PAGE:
After our briefing we were given a break before a quick walking tour of Kadiköy, which is where we will be staying for the first half of Sig Sem. They scheduled the walking tour after the briefing to make sure we get adjusted to the time zone and not pass out from jet lag in our hotel rooms.
Kadiköy is a neighborhood located on the Asian side of Istanbul. I’m glad we have the chance to live in the Asian side even if it’s for a little bit. The Asian side doesn’t seem to attract as many tourists as the European side, which for some reason makes the Asian side seem more attractive to me.
It hasn’t really hit me that this is what my home is going to for the next couple of months. While there are many differences between the Turkey and the other two countries I have lived in I can’t help make compare the similarities. For example, Istanbul’s traffic has been described as the downfall of this city but I don’t think it’s really that bad. Istanbul traffic has got nothing on the traffic and insane drivers I’ve encountered in Bangladesh.
Balloons on the Bosphorus during our walking tour.
Todays the big day.
In a few hours I’m getting on a plane with group of people I’m going to be spending a lot of time for the next two weeks in a country I’ve never been to. My eyes feel raw from staying up the entire night packing. I can’t think of anything to say so I begin to write.
“So why did you choose Istanbul?” some asks and everyone says that seemed the most different out of all the SU Abroad centers. They’re probably right about that.
Some guy with a beard in the group asks me if I’ve traveled a lot. He is trying to ask me where I was from, where I’m really from. As in what country my family immigrated from before they moved to New York City.
I was born in Bangladesh, but I moved to New York when I was three years old. I’ve traveled back to South Asia every year or so since then.
An aspect about Turkey that attracted me to study here is it’s almost completely Muslim population. Although I’ve lived in Bangladesh, where the majority of the population is also Muslim. The major difference is that Bangladesh is still a very young country and has a lot of things left to figure. Turkey on the other hand is lauded as an example of a Muslim country with a seemingly successful democracy.
Then the group all begin to talk about the places they’ve been to. Many people haven’t really traveled out of the country while some haven’t gone anywhere beyond Western Europe. For the most part Turkey will be the closest they’ve gotten to the Middle East.
I start to think about the type of context we all will have before going to Turkey, such as how where we’ve been to and what we’re studying shapes our perceptions of Istanbul. A major influence for me will be the time I have spent in Bangladesh.
The gate is finally open it’s time to board the plane. I find out that have to sit next to the guy with the beard who talks a lot, just my luck.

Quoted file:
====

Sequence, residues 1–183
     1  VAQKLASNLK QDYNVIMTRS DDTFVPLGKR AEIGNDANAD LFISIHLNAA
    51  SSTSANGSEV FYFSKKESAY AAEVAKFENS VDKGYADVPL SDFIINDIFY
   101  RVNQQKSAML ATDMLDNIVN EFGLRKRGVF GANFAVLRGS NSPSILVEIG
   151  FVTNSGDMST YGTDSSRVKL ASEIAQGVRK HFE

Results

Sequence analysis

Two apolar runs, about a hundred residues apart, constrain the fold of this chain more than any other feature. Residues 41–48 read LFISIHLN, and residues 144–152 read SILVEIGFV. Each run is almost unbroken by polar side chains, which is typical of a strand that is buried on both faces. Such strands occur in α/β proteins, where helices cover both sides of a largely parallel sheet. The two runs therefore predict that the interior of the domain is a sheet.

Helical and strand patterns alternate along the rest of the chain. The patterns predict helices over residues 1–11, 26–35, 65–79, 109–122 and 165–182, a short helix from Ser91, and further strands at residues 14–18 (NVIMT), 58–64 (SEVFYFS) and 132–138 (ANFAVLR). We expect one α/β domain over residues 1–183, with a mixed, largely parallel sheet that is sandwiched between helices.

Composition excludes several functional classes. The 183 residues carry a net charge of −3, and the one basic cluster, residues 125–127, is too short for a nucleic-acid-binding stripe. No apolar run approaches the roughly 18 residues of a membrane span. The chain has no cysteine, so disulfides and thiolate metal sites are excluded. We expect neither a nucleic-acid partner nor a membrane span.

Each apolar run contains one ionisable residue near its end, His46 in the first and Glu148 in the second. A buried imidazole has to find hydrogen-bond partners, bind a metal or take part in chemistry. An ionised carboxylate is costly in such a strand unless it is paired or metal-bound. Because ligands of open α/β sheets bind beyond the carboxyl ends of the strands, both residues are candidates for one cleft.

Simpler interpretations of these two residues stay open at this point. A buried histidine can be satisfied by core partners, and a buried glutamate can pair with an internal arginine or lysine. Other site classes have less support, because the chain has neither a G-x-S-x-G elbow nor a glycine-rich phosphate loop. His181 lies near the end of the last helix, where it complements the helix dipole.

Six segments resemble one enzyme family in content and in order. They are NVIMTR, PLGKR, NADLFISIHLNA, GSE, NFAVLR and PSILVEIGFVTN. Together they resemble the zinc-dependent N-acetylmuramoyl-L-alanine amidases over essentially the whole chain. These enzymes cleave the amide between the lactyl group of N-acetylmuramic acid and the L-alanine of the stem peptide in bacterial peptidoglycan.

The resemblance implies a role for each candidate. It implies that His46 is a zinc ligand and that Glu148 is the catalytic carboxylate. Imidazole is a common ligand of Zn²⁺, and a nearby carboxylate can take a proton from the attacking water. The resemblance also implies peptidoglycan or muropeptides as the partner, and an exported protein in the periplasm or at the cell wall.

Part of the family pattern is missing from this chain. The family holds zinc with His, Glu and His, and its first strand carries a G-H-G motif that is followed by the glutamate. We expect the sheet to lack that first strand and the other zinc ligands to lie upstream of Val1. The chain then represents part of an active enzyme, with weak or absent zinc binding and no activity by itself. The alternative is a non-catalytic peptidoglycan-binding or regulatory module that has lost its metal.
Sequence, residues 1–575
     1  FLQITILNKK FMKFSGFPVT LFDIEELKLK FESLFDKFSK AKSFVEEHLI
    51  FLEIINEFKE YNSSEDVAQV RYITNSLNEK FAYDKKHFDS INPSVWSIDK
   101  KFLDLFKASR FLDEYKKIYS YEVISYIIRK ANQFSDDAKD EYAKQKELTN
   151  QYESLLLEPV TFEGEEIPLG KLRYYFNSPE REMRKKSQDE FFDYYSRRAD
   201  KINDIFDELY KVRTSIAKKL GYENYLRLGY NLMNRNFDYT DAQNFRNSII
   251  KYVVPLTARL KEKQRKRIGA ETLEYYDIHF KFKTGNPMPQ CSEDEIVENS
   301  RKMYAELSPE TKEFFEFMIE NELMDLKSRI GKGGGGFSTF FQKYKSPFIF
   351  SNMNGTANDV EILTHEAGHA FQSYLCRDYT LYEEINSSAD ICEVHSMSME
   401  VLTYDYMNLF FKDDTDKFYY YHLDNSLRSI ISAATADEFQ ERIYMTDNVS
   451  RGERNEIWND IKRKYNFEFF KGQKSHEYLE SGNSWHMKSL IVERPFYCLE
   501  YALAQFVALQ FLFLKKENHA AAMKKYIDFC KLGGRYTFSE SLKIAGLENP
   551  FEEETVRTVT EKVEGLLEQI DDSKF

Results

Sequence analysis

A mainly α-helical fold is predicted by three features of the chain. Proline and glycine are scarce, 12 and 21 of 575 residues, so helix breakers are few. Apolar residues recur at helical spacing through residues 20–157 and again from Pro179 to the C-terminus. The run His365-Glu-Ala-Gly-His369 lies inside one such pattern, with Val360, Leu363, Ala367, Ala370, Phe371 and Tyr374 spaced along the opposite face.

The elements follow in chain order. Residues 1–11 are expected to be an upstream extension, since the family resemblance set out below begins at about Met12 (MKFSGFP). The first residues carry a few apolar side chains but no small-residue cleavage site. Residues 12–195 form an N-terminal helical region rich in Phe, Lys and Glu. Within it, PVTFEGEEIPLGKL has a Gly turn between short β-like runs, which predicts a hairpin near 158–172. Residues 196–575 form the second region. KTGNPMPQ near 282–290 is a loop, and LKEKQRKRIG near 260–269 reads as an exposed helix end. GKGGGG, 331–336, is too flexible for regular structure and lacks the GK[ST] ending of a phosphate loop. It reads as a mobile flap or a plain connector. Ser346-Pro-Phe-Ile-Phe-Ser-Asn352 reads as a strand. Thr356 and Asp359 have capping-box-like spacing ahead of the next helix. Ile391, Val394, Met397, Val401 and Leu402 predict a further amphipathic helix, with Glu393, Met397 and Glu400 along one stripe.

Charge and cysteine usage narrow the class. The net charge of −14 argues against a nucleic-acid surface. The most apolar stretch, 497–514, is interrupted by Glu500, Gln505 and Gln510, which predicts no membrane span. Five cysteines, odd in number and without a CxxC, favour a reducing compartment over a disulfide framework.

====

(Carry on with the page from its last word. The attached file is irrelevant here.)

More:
I always knew that it was a matter of time before studying abroad would be on my horizon. In fact, if I had figured out my what exactly I wanted to major in earlier I would have planned out my courses so I can study abroad for a full year. Sadly, I’m one of the most indecisive people I know. If I studied abroad for two semesters I wouldn’t be able to graduate in 4 years. I was going to have to choose the location for my semester wisely.
This resulted in a summer of going back and forth between applications as well as one really bad paper cut from a study abroad pamphlet.
My top two choices had been going to either Egypt or Lebanon because I am studying Arabic and I must complete 2 years of it to graduate. Naturally, I should go to countries where Arabic is spoken. Unfortunately, political instability and the desire to graduate on time deterred me away from those locations. The programs in Jordan and Morocco didn’t appeal to me either.
Although the primary language in Turkey is Turkish, SU students have the option of taking Arabic classes at our partner university. This was the first year that Arabic was going to be offered in the Istanbul program. While I am not particularly religious, I couldn’t help but feel it was a sign. Istanbul was going to be the place for me.
Aside from that I’ve been mesmerized by Turkey since seeing a picture of the Hagia Sophia (cliché I know) in my 6th grade history textbook. In the 10th grade my world history class participated in a cultural exchange program with a school in Turkey. The focus of this program was mainly music that was really fun to learn about. Last year my roommate, who is half Turkish, taught me how to make Turkish coffee using a cezve. These are just a few of my interactions I’ve had with Turkish culture, which have always been positive. Before I made my final decision to go to Istanbul I thought about these random interactions and before i knew it I found myself purchasing my ticket.
Did I mention I’m going to live in a country for several months when I don’t speak a word of the language? Because that’s happening.
The guidebook and a phrasebook I got for my birthday!